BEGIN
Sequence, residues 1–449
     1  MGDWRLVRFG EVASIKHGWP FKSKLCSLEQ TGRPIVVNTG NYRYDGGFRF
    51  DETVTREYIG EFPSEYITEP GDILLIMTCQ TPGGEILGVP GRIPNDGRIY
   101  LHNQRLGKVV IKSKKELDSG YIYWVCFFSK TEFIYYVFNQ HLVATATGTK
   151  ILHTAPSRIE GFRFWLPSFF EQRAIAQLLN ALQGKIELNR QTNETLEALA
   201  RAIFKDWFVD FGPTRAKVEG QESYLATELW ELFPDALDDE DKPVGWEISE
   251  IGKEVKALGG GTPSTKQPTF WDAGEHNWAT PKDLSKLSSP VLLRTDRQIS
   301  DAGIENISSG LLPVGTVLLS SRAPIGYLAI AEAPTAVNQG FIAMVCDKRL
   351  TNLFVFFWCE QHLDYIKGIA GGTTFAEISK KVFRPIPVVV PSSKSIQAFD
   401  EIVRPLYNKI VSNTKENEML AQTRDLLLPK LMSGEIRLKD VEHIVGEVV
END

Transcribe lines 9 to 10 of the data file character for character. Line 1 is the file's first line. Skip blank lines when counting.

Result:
   351  TNLFVFFWCE QHLDYIKGIA GGTTFAEISK KVFRPIPVVV PSSKSIQAFD
   401  EIVRPLYNKI VSNTKENEML AQTRDLLLPK LMSGEIRLKD VEHIVGEVV